Just in time for the holidays, Berry Street got a facelift — the 1.1-mile open street has been redesigned to include distinct two-way bike lanes, protected pedestrian curb extenders, and designated loading zones, plus one-way vehicle traffic reversals for necessary local access.

New signs at the S 2nd and Berry Street intersection calling out bike and local vehicle access

These updates mark the Department of Transportation’s permanent designation of this portion of Berry Street as a “Bike Boulevard” and expanded pedestrian corridor. Berry Street first became an open street in 2020 during the pandemic and, according to a 2021 DOT community survey, is visited daily or multiple times per week according to 77% of respondents. Open street hours remain in effect from from 8 a.m. to 8 p.m. daily.

“The people of Brooklyn deserve safe spaces when walking or biking on our city streets,” Congresswoman Nydia Velázquez said in a press release. “The redesign of Berry Street into a new Bike Boulevard will improve pedestrian and cyclist safety, better connecting to local parks and the Williamsburg Bridge, while allowing local vehicle traffic and loading zones. I thank the city for prioritizing these investments in cycling and pedestrian infrastructure, and I look forward to working with NYC DOT to make streets safer throughout Brooklyn.”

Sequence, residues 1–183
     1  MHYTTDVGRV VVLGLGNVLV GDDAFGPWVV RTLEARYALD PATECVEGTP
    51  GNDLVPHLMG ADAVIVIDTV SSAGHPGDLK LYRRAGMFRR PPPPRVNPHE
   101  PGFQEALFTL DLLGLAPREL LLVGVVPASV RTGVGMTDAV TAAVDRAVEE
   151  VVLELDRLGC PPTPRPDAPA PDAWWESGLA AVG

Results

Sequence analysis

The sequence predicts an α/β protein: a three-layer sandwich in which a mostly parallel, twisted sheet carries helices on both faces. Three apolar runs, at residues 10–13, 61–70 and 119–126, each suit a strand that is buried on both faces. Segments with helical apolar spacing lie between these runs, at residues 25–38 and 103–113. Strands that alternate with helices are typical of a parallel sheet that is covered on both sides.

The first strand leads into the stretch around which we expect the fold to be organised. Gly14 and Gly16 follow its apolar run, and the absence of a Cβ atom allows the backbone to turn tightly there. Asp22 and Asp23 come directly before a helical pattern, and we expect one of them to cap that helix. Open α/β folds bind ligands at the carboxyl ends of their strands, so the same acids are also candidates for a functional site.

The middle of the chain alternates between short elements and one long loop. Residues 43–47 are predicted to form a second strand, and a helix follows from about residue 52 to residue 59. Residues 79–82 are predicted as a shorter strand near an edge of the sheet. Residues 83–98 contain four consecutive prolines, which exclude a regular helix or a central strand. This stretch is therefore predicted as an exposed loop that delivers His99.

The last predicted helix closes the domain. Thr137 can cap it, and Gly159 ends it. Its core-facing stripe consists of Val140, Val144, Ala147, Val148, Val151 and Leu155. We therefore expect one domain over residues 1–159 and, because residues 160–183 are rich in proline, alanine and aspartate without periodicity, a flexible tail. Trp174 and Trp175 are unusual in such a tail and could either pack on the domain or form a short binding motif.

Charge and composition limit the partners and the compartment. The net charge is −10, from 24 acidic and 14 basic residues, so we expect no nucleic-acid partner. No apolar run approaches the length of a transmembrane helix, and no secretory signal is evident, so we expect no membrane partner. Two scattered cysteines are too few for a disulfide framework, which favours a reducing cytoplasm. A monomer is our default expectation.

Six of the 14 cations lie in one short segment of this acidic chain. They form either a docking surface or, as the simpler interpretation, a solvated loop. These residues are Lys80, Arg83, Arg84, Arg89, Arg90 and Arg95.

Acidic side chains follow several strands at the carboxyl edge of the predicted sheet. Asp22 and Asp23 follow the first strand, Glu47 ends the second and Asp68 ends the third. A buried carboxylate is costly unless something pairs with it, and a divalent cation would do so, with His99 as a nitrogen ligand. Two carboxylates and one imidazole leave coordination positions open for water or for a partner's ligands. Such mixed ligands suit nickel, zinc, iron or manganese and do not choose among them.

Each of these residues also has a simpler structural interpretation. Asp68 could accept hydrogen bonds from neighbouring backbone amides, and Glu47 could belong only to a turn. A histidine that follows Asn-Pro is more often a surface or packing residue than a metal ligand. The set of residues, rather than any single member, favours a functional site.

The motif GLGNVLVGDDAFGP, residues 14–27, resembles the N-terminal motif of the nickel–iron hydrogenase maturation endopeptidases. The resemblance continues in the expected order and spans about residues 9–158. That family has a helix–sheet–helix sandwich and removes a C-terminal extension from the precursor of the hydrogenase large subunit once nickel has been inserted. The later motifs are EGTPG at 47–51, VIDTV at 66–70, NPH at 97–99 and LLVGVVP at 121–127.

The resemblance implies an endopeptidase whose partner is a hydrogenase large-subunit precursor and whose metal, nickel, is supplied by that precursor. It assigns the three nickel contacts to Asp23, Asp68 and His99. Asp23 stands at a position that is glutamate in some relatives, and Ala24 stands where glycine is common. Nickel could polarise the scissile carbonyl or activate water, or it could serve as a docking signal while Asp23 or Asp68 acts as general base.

But not everyone is pleased with the changes. During DOT’s public press conference last Tuesday, Transportation Commissioner Ydanis Rodriguez was interrupted by pro-car activist Raul Rivera with accusations of being a “gentrifier” and “disgrace,” who reportedly also tore up Rodriguez’s speech and other posters (according to Gothamist). Following his actions, Rivera was arrested and plead not guilty to charges of assault, criminal mischief, resisting arrest, disorderly conduct, and harassment, and Rodriguez was granted an order of protection against Rivera.

Rivera is the founder of NYC Drivers Unite, which advocates for New York City Taxi & Limousine Commission reform, and he frequently protests other events like transportation-related rallies and City Council hearings. The DOT says that the project is widely popular, but Rivera is not the only one in opposition of the open street, as a Berry Street Alliance petition shows. Rivera did not specify any particular grievances with the redesign during his protest.


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